Liquid loading is the mechanism that is associated with increased liquid hold-up and liquid back-flow at lower gas flow rates in gas production wells. In the laboratory, most liquid loading experiments are performed at fixed gas and liquid rates (mass flow controlled). In the field, the well behaviour is a coupled well-reservoir system in which the reservoir results in a pressure or mass flow controlled inflow, depending on the reservoir characteristics. In this paper, results are presented for experiments which have been performed with a pressure controlled vessel attached to a vertical pipe. The pressure drop was varied to represent reservoir characteristics from tight to prolific. Liquid was injected using a mass flow controller.
From these experiments, it was concluded that the flowrate at which loading occurs can be predicted by the overall pressure drop curve. That is the pressure drop from vessel to separator and not the tubing pressure drop curve. A numerical investigation confirms this for pressure dependent liquid injection. This stability point can be at a higher or lower velocity than the actual loading/flooding point. The results of these experiments are elaborated briefly. The main focus of this paper is the evaluation of the influence of external disturbances on stable flow conditions. A stable system is defined as a system in which the conditions are such that gas flow is possible and will not stop. At unstable conditions, the gas flow starts to drop. In the experiments described in this paper, it was found that the required external disturbance to destabilize a system is related to the pressure drawdown.
Barton, L. (ROSEN UK, Corrosion Management Group, UK) | Forde, M. (ROSEN UK, Corrosion Management Group, UK) | Pinto, A. (ROSEN UK, Corrosion Management Group, UK) | Laing, I. (ROSEN UK, Corrosion Management Group, UK) | Ladwa, R. (ROSEN Group, Flow Assurance, Switzerland)
Using corrosion rate predictions, from either direct measurements or calculated corrosion rates, is not a new or novel approach. Both of these approaches have their own advantages and disadvantages. Corrosion, is a main pipeline degradation mechanism, and therefore understanding its effects, greatly improves integrity planning. Direct measurements can be more accurate compared to corrosion modelling, due to the dynamic variability of corrosion reaction kinetics, which corrosion models cannot account for. However, direct inspection is not always achievable, therefore engineers are forced to rely on the calculations of corrosion models.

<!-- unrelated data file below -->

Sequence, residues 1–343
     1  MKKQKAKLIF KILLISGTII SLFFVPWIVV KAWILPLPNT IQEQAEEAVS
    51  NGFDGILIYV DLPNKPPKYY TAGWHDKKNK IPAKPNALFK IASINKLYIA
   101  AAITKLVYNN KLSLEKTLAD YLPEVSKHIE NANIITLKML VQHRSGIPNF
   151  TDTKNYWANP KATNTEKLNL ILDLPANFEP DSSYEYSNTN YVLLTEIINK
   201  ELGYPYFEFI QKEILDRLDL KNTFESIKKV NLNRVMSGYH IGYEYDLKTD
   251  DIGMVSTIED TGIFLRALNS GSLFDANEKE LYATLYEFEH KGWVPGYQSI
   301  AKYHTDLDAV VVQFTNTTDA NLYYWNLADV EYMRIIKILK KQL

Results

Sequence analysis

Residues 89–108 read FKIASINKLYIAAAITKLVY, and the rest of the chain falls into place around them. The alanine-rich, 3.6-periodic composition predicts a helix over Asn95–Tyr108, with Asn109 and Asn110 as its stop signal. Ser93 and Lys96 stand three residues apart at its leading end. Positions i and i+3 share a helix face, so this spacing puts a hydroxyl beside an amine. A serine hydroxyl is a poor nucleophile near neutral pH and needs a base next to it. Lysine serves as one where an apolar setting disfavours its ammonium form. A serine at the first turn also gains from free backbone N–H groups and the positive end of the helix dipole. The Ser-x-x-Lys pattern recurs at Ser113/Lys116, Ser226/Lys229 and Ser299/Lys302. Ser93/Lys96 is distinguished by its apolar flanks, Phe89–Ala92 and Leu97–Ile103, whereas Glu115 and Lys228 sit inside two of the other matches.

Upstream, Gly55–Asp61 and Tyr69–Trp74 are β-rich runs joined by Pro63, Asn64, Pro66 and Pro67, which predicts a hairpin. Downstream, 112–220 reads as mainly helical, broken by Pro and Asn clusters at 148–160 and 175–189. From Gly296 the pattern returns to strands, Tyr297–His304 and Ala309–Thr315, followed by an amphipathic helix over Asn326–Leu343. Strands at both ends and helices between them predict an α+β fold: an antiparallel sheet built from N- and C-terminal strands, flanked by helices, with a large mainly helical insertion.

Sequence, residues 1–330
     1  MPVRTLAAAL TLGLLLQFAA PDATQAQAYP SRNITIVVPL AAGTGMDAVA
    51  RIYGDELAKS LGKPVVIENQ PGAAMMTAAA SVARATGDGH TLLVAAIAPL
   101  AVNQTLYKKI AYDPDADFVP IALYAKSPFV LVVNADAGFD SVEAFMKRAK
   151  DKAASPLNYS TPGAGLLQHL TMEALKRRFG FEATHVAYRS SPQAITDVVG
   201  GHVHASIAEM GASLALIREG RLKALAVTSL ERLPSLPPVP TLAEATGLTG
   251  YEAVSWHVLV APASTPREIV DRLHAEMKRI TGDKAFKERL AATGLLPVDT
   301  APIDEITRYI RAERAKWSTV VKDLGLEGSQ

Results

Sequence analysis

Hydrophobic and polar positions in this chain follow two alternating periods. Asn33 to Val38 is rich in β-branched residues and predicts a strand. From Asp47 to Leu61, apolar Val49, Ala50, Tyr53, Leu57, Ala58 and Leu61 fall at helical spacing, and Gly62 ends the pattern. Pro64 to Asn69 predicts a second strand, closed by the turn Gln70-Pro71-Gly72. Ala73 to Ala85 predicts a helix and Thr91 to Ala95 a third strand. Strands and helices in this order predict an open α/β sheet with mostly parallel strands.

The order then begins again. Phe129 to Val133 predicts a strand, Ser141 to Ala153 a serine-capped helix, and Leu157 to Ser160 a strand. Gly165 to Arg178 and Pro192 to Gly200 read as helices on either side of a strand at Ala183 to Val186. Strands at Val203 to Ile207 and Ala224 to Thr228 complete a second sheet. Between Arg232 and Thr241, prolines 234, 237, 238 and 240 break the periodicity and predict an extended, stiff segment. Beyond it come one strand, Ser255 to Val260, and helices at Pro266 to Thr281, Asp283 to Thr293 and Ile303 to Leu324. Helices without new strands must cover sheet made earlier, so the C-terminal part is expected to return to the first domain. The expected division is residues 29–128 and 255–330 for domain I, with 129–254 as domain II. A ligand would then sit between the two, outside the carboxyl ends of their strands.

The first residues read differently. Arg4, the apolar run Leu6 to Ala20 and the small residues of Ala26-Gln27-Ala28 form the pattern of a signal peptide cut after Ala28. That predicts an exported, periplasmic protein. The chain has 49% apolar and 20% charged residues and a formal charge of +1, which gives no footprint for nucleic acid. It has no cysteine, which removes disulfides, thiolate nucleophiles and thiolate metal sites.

In this work, the predictions of a selection of sweet corrosion models against actual corrosion rates in multiphase pipelines will be discussed. Subsequently, the benefits and limitations of flow modelling to improve corrosion predictions will be demonstrated.
In an ever more cost conscious economic environment, the importance of modelling and prediction of pipeline degradation has a much larger part to play in effective Asset Integrity Management (AIM). Cost-effective inspection intervals, avoiding un-necessary repairs and overall extending the asset life without compromising safe operation, is the ultimate goal of modern AIM systems (1). Historically, integrity management was based on direct inspection and operation, as part of “data gathering” for the specific asset and could be considered a learning cycle and the AIM system is then developed in a reactive way. The problem with reactive methodologies, which have trial and error or practical learning at their core, is the associated cost. As there must inherently be some form of failure or shortcoming before actions can be conducted, or implemented. Therefore, having the ability to account for likely future scenarios, and plan accordingly, negates the need for repetitive reactive practices and consequently reduces costs.
Risk and uncertainty play an important role in design and operation of complex oil and gas production systems. They are also a driver for business decisions and can have significant implications on capital and operational expenditures (CAPEX and OPEX). A thorough understanding can lead to flexible strategies with mitigations that can limit downsides and capture unexpected upsides. While there has been significant focus on risk and uncertainty in the subsurface (1,2), application of such approaches for flow assurance design and operation has lagged. The work here details concepts and methodologies for evaluating uncertainty from fluid property measurement, to model application, in order to drive risk based decisions. A case study for production application is presented demonstrating the importance throughout the life cycle of an asset.
The evolution of uncertainty assessment and its impact on decision making is rooted in several disciplines dating back several centuries. For example, scenario based planning is used by the military for civil defense, the scientific community for articulating complexity, policy makers for assistance in policy implementation, professional or academic futurists and businesses for long range planning (3). In the oil and gas industry, articulation of uncertainty and long range business planning are critical to success and therefore such approaches have been adapted. One of the earliest adaptors of such approaches was Royal Dutch Shell in the late 60’s (3) and as the discipline continued to develop it has been adapted by many others within many industries, including oil and gas. Goode (4) had estimated that US$30 billion in expenditures is lost by the oil and gas industry each year due to poor decisions. While statistical analysis, computing power and advanced algorithms have improved, Bickel and Bratvold (5) stated that based on their data collected from ~500 oil and gas professionals, that more information/data has not made the industry better at making decisions.